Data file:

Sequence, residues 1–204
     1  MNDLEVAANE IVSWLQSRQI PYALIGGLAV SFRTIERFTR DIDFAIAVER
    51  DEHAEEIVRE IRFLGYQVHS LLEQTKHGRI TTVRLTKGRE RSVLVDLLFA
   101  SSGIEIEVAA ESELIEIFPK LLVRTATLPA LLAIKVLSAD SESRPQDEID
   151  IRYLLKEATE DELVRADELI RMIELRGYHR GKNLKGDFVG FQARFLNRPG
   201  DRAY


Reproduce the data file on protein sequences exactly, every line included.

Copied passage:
Sequence, residues 1–204
     1  MNDLEVAANE IVSWLQSRQI PYALIGGLAV SFRTIERFTR DIDFAIAVER
    51  DEHAEEIVRE IRFLGYQVHS LLEQTKHGRI TTVRLTKGRE RSVLVDLLFA
   101  SSGIEIEVAA ESELIEIFPK LLVRTATLPA LLAIKVLSAD SESRPQDEID
   151  IRYLLKEATE DELVRADELI RMIELRGYHR GKNLKGDFVG FQARFLNRPG
   201  DRAY